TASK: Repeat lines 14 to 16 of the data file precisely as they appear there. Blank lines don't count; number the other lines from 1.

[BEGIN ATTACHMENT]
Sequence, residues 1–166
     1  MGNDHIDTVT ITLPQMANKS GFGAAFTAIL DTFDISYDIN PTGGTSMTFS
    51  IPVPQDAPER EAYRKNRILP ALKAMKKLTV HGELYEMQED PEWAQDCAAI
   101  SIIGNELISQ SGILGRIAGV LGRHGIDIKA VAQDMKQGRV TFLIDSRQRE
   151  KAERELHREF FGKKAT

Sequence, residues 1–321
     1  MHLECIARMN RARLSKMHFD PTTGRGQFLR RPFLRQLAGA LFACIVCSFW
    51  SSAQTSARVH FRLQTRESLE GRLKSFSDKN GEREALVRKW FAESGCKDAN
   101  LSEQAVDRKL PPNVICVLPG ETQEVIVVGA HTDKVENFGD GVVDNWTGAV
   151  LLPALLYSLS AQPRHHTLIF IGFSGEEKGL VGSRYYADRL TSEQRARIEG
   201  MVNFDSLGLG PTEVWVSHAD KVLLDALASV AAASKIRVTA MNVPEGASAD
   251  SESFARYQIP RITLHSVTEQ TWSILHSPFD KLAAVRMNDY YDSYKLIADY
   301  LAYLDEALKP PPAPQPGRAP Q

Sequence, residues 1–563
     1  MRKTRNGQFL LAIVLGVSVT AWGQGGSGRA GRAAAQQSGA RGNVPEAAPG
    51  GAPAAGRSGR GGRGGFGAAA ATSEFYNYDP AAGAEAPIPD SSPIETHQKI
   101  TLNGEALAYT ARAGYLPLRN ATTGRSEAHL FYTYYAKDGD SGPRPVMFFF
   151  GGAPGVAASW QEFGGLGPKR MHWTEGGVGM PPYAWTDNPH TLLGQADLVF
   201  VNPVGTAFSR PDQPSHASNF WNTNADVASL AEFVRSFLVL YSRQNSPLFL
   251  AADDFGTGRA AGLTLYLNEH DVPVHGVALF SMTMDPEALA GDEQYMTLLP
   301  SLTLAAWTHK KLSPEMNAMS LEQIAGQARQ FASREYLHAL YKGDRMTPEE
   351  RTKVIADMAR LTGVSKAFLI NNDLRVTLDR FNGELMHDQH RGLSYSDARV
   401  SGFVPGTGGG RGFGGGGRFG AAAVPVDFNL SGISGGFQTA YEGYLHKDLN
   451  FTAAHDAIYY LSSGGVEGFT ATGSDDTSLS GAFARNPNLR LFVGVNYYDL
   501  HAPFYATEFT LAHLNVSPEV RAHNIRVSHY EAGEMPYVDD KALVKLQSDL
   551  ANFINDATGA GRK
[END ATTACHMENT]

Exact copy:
Sequence, residues 1–563
     1  MRKTRNGQFL LAIVLGVSVT AWGQGGSGRA GRAAAQQSGA RGNVPEAAPG
    51  GAPAAGRSGR GGRGGFGAAA ATSEFYNYDP AAGAEAPIPD SSPIETHQKI